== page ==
Small business hiring slows, wages dip in January

WASHINGTON Mon Jan 30, 2012 12:06am EST

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WASHINGTON (Reuters) - Small business payrolls grew at a slower rate in January and wages fell, an independent survey showed on Monday, suggesting the pace of overall job growth moderated after December's sturdy gain.

Small businesses added 50,000 jobs, payrolls processing firm Intuit said, compared with a gain of 60,000 in December. Still, labor market conditions continue to improve.

"Overall the small business labor market is not weak, but not strong either," said Susan Woodward, the economist who developed the survey. "Small business employment continues to rise but at a rate that will not get us back to full employment very quickly."

The government's more comprehensive employment report due on Friday is expected to show nonfarm payrolls increased 150,000 in January, according to a Reuters survey, after rising 200,000 the prior month.

The unemployment rate is seen steady at a near three-year low of 8.5 percent.

The Intuit survey is based on responses from about 72,000 small businesses with fewer than 20 employees that use the Intuit Online Payroll system. It covered the period from December 24 to January 23.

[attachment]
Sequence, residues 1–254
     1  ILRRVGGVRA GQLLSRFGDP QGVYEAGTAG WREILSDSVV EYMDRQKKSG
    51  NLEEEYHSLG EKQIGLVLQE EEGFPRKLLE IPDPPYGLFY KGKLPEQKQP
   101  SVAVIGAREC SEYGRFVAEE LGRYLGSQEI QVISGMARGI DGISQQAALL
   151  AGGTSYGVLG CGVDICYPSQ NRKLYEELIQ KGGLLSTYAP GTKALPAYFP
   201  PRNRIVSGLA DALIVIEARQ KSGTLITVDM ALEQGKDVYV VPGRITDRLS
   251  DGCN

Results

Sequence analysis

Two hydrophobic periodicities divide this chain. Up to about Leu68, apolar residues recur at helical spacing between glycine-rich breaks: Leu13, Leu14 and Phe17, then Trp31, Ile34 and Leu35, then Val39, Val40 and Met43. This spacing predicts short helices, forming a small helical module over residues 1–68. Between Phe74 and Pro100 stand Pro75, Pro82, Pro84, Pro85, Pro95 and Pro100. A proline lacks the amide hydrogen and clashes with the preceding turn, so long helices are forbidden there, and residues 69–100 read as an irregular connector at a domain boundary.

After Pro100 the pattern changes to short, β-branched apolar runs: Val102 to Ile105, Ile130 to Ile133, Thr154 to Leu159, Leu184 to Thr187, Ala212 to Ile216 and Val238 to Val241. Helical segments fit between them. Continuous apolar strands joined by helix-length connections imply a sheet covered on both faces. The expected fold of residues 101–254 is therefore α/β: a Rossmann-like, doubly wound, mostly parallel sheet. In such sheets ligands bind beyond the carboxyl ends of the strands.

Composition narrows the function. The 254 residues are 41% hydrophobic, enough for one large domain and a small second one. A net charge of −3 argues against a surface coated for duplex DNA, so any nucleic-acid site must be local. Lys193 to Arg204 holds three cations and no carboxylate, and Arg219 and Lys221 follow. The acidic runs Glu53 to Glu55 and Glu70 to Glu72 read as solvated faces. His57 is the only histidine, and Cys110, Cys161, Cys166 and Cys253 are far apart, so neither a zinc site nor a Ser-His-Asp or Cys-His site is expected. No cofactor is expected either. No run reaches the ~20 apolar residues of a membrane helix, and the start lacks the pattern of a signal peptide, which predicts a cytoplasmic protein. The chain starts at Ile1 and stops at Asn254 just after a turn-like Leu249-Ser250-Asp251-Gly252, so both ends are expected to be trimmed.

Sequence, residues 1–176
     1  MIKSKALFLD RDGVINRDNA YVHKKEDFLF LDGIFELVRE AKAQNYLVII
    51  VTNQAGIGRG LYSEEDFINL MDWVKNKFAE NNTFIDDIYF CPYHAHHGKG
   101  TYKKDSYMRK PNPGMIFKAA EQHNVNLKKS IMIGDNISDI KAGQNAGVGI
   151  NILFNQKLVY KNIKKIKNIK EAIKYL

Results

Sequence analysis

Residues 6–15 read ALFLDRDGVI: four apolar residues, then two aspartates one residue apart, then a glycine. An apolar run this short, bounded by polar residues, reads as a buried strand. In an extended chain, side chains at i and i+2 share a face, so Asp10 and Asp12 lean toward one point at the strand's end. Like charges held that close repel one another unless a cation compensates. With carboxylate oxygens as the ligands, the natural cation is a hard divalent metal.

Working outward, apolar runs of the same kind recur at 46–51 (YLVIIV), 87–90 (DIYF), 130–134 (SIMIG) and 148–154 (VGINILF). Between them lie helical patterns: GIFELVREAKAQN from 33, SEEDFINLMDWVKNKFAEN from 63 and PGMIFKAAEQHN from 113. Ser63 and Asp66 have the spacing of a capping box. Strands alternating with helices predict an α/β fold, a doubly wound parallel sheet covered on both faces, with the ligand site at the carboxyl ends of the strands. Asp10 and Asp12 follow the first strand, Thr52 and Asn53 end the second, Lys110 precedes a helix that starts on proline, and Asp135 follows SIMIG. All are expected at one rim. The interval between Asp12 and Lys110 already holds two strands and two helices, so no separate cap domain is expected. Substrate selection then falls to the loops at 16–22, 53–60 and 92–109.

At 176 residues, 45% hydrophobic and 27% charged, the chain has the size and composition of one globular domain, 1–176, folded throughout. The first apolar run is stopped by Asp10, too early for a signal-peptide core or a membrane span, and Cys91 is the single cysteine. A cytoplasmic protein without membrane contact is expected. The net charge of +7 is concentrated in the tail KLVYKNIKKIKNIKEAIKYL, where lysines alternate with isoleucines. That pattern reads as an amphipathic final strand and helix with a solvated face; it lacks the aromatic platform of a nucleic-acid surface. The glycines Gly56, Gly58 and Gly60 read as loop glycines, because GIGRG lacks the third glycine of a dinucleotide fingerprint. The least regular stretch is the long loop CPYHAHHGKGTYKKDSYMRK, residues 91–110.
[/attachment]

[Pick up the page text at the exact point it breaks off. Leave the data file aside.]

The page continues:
The average monthly salary for small business employees fell 0.1 percent, or $3, to $2,632 in January. The average workweek eased 0.1 percent to 24.8 hours.

(Reporting By Lucia Mutikani; Editing by Leslie Adler)

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Comments (1)
fred5407 wrote:
I own a small business. The government cannot help us with tax relief and by telling us how to run our business. We know how to run our businesses. We need to have lower fuel prices, an indexing of heath care costs to 1970 levels, and we need regulations that are simple to follow and simple to comply with. We need to have enough oil produced in the US and Canada to supply our needs and that oil needs to be earmarked for US and Canada use before one drop is exported. When we have a stable platform to operate from you will see growth. What is happening now, with government help, is that we have a growing plant that keeps getting dug up, with lots of agencies trying to help by looking at the roots, while they should be concerned with letting the plant grow and bloom. Not too much water is needed and you need to protect the plant from being run over by foriegn competition. We small businesses cannot compete with foriegn manufacturers being subsidized by governments or by large corportations running lost leaders to eliminate the competition. Like any growing plant we need a stable environment to survive.

Jan 31, 2012 12:50pm EST  --  Report as abuse
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